The Rich Tiger Nut (Cyperus esculentus)

Tiger nuts are also known as chufa nuts or earth almonds. They are small root vegetables (also called tubers). The presence of stripes on their exteriors gives them the name tiger nuts. Tiger nuts are the size of chickpeas with a slightly sweet and coconut-like flavour. They are starchy and fibrous and a little hard to chew. They were first cultivated in Egypt, then later spread to other parts of the world.

Tiger nuts comes in three different varieties, they are brown, black and yellow. Tiger nuts can be eaten fresh, boiled, roasted, dried and juiced.

Health Benefits

  • Rich in antioxidants. Tiger nuts help to get rid of free radicals in the body that can cause many harmful diseases.
  • May reduce blood sugar. The fibre in the nuts slows down the absorption of sugar in the intestines. Tiger nuts also have high contents of arginine, and amino acid that stimulates insulin sensitivity.
  •  May improve heart disease – Tiger nuts contain high amounts of MUFAs (monounsaturated fatty acid). MUFAs are known to reduce bad cholesterol levels (LDL) and raise good cholesterol (HDL) levels in the body. This eventually lowers your risk of heart disease and stroke.
  • Act as an Aphrodisiac – Historically, tiger nuts have been used as an aphrodisiac to boost libido. These are especially popular among African men, who have been consuming tiger nuts for generations to improve their sperm count and treat erectile dysfunction.
  •  May boost immune system.
  •  May aid weight loss.
  • Lower risk of cancer (contains antioxidant and phenolic compound).
  • Promotes bone health .Tiger nuts contains 80% of daily needed calcium for the body.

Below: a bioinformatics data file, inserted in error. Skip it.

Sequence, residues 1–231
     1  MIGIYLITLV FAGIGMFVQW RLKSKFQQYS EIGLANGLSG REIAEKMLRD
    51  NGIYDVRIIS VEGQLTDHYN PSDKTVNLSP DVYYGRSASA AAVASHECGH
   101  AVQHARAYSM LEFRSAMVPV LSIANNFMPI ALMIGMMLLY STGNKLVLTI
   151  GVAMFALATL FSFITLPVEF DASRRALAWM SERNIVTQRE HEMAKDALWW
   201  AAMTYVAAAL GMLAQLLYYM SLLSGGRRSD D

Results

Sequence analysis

• Aid digestion .Tiger nuts also contain certain enzymes, such as lipases, amylases, and catalases, which help in breaking down foods in the stomach and relieve flatulence, diarrhoea, or indigestion.

Nutritional Benefits

  • Carbohydrates
  • Protein
  • Fiber
  • Magnesium
  • Potassium
  • VitaminC, and B6
  • Fat
  • Iron
  • Zinc
  • Calorie
  • Omega 6 fatty acid       
  • Oleic Acid (omega 9 fatty acid)


People with digestive issues such as IBS or sensitivities to high-fiber foods might experience some gas, bloating, cramping, or diarrhoea if you eat too many tiger nuts. Raw tiger nuts are also higher in anti-nutrients like phytates, oxalates, saponins, and tannins that may reduce the amount of vitamins and minerals your gut can absorb.


Tiger Nuts should be roasted for better absorption. You can also soak them, boil them, or toast them to increase their nutritional impact.


  • Six Emerging Health Benefits of Tiger Nuts By Alina Petre, MS, RD (NL) — Medically reviewed by Amy Richter, RD, Nutrition — Updated on January 6, 2022
  • Six Amazing Health Benefits of Tiger Nuts. Reviewed by Thais Tisatto, BHSc November 30, 2022 By Ravi Teja Tadimalla, Professional Certificate In Food, Nutrition & Health.
  • Tiger Nut Nutrition and Health Benefits. Published on April 22, 2022 by Michelle Blackwood, RN.
  • Nine Ways To Eat Tiger Nuts, The Fiber- Filled Super food That Belongs To Pantry By Stephanie Eckelkampe Updated Jan 21, 2021.
  • Tiger Nuts: Weight Loss, Anti-Ageing And Many More Health Benefits By Doctor NDTv, May 27, 2018.

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